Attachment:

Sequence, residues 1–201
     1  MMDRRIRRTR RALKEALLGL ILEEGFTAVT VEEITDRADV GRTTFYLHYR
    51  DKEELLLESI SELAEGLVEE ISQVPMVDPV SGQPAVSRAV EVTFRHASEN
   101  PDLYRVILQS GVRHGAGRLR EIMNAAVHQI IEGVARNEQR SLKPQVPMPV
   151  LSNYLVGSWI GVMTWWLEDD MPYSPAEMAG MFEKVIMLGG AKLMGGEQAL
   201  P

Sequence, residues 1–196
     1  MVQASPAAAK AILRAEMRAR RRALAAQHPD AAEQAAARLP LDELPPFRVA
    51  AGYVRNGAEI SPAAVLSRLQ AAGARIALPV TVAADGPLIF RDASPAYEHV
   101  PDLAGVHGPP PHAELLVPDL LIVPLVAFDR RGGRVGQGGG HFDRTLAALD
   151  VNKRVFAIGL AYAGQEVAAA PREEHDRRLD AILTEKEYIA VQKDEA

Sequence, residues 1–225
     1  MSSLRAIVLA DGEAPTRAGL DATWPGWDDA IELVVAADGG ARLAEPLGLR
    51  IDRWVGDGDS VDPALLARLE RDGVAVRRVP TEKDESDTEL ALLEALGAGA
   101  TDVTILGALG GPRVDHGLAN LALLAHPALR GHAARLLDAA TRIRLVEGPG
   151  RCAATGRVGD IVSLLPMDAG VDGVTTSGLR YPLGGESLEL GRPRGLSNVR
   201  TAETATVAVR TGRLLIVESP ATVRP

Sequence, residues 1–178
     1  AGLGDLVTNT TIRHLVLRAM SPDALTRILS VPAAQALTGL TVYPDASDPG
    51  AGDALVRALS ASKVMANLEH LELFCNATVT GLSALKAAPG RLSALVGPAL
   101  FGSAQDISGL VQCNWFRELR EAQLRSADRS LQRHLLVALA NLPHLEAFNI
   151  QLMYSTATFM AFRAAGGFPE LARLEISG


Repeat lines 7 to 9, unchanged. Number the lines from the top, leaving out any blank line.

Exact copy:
Sequence, residues 1–196
     1  MVQASPAAAK AILRAEMRAR RRALAAQHPD AAEQAAARLP LDELPPFRVA
    51  AGYVRNGAEI SPAAVLSRLQ AAGARIALPV TVAADGPLIF RDASPAYEHV